You cannot praise the German city theater system often enough. As the legacy of the small state, we have a stage density in this country that the world envies us for.
There are 81 locations with their own opera ensembles alone – this corresponds to 50 percent of the global music theater offering. 9,300 people are engaged in the Federal Republic as soloists as well as in choirs and orchestras, as socially insured artists who continue to receive their salaries even in times of corona crisis.
Most of the opera companies can be found in small and medium-sized towns, sometimes even in 25,000-inhabitant nests such as Neustrelitz, where the municipal theater is the largest employer in the area.
And yet the size of the community does not say anything about the quality of the performances. They are often even more exciting in the so-called province than in the metropolises. Because that’s where the young people work, the ambitious and the curious who want to achieve something, not least their own promotion to the classic league.
The bottom of tradition
The fresh look that conductor Tomas Netopil cast at Carl Maria von Weber’s “Freischütz” at the Aalto Music Theater in Essen, for example, is absolutely enlightening. The live recording of the Oehms Classics CD label makes it clear that the German “National Opera” is actually 199 years old.
Most of the Maestri conduct the opera in an arch-romantic manner – as is customary from Richard Wagner’s musical dramas, to which Weber was an important role model.
Tomas Netopil, on the other hand, does not want to hear the score forward in terms of music history – Wagner only tackled his first masterpiece, the “Flying Dutchman” 20 years after the “Freischütz” premiere – but backwards. He is interested in the floor of tradition on which Weber was moving.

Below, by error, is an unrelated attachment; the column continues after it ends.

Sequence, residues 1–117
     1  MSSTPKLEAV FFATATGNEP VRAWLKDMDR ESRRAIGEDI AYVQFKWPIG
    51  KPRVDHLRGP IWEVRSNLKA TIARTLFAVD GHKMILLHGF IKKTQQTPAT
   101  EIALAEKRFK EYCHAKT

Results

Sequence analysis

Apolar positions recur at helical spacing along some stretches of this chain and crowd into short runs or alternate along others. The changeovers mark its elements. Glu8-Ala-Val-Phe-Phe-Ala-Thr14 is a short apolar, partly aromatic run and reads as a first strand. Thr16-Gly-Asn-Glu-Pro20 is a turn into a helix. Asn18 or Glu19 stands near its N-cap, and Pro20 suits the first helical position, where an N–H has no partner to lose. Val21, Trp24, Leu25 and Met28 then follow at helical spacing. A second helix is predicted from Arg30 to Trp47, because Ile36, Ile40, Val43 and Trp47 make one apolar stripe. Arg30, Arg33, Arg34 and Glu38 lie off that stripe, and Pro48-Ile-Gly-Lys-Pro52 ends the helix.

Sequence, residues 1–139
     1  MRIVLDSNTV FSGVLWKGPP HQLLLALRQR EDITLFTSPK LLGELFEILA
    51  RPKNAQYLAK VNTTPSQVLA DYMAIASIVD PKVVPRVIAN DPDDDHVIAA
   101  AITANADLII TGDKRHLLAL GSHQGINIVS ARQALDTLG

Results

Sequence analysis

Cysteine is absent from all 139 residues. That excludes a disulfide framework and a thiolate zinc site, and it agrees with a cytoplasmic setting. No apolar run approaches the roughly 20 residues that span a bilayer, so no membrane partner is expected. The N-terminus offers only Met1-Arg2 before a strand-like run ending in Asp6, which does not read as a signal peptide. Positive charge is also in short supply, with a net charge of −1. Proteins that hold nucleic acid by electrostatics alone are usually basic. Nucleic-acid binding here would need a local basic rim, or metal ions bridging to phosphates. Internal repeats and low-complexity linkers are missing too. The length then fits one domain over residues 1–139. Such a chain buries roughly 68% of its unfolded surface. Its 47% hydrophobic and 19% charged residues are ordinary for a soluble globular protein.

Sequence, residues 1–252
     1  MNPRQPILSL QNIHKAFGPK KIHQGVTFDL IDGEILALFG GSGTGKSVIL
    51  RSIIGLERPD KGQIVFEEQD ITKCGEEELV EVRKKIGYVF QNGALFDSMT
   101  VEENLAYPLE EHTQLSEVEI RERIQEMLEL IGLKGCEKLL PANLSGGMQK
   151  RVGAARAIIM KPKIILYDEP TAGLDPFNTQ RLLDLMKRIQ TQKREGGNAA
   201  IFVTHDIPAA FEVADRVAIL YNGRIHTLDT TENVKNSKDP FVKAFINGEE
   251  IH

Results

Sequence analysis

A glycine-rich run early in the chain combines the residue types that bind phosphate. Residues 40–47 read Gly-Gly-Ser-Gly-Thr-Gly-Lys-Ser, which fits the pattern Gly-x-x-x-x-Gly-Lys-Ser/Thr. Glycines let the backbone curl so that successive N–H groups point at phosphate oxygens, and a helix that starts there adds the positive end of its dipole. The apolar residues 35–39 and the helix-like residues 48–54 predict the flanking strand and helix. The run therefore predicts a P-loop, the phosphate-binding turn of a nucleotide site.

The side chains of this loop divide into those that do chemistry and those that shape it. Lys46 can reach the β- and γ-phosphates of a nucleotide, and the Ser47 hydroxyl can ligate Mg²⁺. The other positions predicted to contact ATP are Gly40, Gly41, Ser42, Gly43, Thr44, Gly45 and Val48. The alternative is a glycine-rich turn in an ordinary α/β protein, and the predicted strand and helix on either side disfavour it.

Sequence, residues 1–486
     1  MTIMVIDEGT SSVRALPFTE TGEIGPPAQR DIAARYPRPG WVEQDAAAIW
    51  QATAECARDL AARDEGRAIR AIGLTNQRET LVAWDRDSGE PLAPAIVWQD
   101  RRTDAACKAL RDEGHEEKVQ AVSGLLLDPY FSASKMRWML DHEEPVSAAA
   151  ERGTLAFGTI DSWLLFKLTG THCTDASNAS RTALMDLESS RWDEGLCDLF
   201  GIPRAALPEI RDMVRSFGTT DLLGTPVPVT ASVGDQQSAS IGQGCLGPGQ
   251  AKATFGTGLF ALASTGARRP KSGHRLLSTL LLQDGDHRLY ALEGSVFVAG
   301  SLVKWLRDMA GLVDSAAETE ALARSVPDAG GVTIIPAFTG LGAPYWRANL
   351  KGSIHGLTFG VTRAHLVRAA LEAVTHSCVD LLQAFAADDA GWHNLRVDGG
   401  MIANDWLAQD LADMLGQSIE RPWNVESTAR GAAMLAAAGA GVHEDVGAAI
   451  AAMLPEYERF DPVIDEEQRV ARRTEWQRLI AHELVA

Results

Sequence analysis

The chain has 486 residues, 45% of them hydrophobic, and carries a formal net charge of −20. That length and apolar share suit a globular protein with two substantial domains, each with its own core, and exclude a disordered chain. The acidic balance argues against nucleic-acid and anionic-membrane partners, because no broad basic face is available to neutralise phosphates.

[YoucanfindallimportantupdatesofthedayforthecoronavirusinthefreeTagesspiegelnewsletter”[AllewichtigenUpdatesdesTageszumCoronavirusfindenSieimkostenlosenTagesspiegel-Newsletter”Questions of the day“. The most important news, reading recommendations and debates. To register, click here.]
“Singspiel” is the somewhat unfortunate generic term for the form of musical theater with which the German composers wanted to distance themselves from the dominant Italian opera. The line of development leads from Mozart’s “Magic Flute” and Beethoven’s “Fidelio” to the “Freischütz” to Lortzings ” Tsar and Carpenter ”and Nicolai’s“ Funny Wives of Windsor ”.
Easy lyrical voices
Tomas Netopil emphasizes the Biedermeier atmosphere of the rural plot, does not upgrade emotionally as powerfully as usual when it gets dramatic, but makes the Essen Philharmonic sound light and transparent.
This in turn makes it possible to cast the leading roles with light, lyrical voices. Jessica Muirhead’s Agathe sounds almost girly than Tamara Banjesevic’s Ännchen, Maximilian Schmitt sings his namesake with a bright, agile tenor, and even the devastated Kaspar remains a daring daredevil with Heiko Trinsinger.
This opera was a courageous experiment, and the timbres with which Weber painted the realm of evil were truly outrageous in 1821. For performances that only emphasize the romantic romance, the private and village scenes often seem outdated.
In the Essen performance, on the other hand, the “Freischütz” can be experienced as an organic unity, as a story that tells that every soul has two sides: a dark one, but also a light one.